Fort Rucker goes to dogs with Bark Park
Butter, a golden retriever, and Tanner, a lab mix, take a moment to rest in the shade after playing at the Fort Rucker Bark Park July 12.

FORT RUCKER, Ala. (July 18, 2013) -- Soldiers are not the only citizens on post who have to keep up their figure and release pent up energy, and Fort Rucker offers a way for those citizens to bark 'til dark.

There are around 700 dogs living in the three Corvias Military Living neighborhoods on post, and the Bark Park that was set up for them five years ago is still one of the best places parents and their four-legged children can go to stretch their legs, said Brandon Masters, CML communications manager.

"We are limited to how much yard space we can provide for each house," said Masters, "so it is a great place where people and dogs can run around and meet other dogs and neighbors."

Though there were a few comments on how to improve the park for dogs and fur parents, most thought that Corvias is doing a good job in offering amenities that people want.

And though the park is for the enjoyment of dogs, human parents enjoy it just as much.

"This is good for both me and my dog. I get to meet nice people here, and I know she is learning how to behave better and get the exercise she can't get at home," said Mijung Kim, Army spouse, who has a husky. "I also like coming because it is a great way to exchange information about dog topics such as rescues and vets."

"Keeping a dog physically and mentally active by taking them to the park can help their behavior while at home," said Masters. "If a dog barks while in the back yard, getting some exercise may curb that."

The Bark Park is located in the Bowden Terrace neighborhood on Artillery Road near the Fort Rucker Primary School.

The park, which is open from sun up to sun down, was constructed with recycled materials, said the communications manager.

"The Barking Lot is made from crushed foundations from old homes, and we made the pavilion from materiels from an Allen Heights patio," he said. "We also were able to locate the park on a lot where there was previously a home, so we were able to put in a water spout so dogs can get a drink and be cleaned off."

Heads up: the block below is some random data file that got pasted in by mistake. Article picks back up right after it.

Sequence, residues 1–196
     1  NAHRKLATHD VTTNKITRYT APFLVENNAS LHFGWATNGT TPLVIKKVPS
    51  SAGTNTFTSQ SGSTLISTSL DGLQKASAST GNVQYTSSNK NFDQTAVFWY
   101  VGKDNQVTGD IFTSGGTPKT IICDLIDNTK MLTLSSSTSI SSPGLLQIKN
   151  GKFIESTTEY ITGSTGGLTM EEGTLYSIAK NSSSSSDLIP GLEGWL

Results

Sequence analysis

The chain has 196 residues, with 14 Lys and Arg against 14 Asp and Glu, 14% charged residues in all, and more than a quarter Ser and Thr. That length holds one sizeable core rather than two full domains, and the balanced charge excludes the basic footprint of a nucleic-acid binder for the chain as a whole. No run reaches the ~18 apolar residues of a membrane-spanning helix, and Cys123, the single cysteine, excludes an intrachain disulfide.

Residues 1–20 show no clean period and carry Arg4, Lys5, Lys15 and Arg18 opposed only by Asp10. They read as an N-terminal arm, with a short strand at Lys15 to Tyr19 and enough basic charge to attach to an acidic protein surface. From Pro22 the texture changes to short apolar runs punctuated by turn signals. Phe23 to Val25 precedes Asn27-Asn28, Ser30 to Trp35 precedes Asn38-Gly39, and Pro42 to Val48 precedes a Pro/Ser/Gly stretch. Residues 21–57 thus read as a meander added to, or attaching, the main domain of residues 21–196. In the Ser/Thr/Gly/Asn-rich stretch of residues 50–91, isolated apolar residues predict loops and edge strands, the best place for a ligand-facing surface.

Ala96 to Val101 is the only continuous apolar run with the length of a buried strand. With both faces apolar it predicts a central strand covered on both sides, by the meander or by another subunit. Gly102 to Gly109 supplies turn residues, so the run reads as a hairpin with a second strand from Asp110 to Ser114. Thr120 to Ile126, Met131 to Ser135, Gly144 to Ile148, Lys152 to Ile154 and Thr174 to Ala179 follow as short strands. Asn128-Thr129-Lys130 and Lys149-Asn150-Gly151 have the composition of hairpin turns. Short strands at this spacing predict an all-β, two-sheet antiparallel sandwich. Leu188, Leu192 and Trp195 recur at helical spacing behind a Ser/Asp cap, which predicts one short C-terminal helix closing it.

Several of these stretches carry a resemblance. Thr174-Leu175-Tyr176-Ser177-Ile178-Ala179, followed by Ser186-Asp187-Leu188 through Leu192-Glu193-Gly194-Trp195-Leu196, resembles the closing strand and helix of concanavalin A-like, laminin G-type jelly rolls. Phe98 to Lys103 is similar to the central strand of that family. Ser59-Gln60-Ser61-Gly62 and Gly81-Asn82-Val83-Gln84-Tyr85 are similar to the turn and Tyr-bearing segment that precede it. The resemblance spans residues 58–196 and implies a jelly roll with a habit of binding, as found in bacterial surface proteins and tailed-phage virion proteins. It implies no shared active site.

The central location of the park on the installation was one of the best features for one Army spouse, Jennifer Kerwin.

"It's a great way for my dogs to socialize and play ball," she said. "It is good for dogs to be exposed to new people and new dog friends.

"All animals need that interaction with other animals and other people. Those who don't get that exposure are the ones who are more timid, afraid or aggressive," she continued.

The park is broken up into three sections for dog safety -- an entry area, an area for small dogs less than 20 pounds and a large area for dogs over 20 pounds.

For the health and safety of everyone who utilizes the park, Corvias asks that dogs less than four months old be kept out of the park because they have not received all of their vaccines at that age.

Dogs in season are not allowed to play in the park as well, and all dogs must wear a collar and identification tag.

For those who have never used the park before, Masters suggests visiting the park at non-peak times, which are weekdays from late afternoon to sundown.

Masters also offered tips for bringing a four-legged friend to the park.

Let the dog off leash as soon as they enter the fenced area so the dog feels comfortable when other dogs great them.

Be aware that dogs have different play styles and be educated on dog behavior.

Don't smoke or eat while at the park because cigarette butts and food wrappers are tempting for dogs to eat.

Mischief can happen quickly, so always be aware of what your dog is doing.

For problems, suggestions or concerns about the Bark Park, call a CML neighborhood center.

Page last updated Thu July 18th, 2013 at 00:00